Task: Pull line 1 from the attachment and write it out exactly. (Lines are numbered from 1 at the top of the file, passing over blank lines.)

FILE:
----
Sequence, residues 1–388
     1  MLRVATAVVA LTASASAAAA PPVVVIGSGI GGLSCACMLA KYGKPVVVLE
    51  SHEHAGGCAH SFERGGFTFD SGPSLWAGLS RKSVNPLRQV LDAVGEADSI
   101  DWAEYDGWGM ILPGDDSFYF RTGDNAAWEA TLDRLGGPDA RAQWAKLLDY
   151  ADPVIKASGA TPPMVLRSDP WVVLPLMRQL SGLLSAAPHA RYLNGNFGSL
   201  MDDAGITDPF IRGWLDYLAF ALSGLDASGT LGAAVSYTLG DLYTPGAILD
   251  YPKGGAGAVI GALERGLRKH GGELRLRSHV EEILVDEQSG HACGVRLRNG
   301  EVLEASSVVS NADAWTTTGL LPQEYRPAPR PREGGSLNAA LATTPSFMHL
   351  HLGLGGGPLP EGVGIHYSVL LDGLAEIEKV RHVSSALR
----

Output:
Sequence, residues 1–388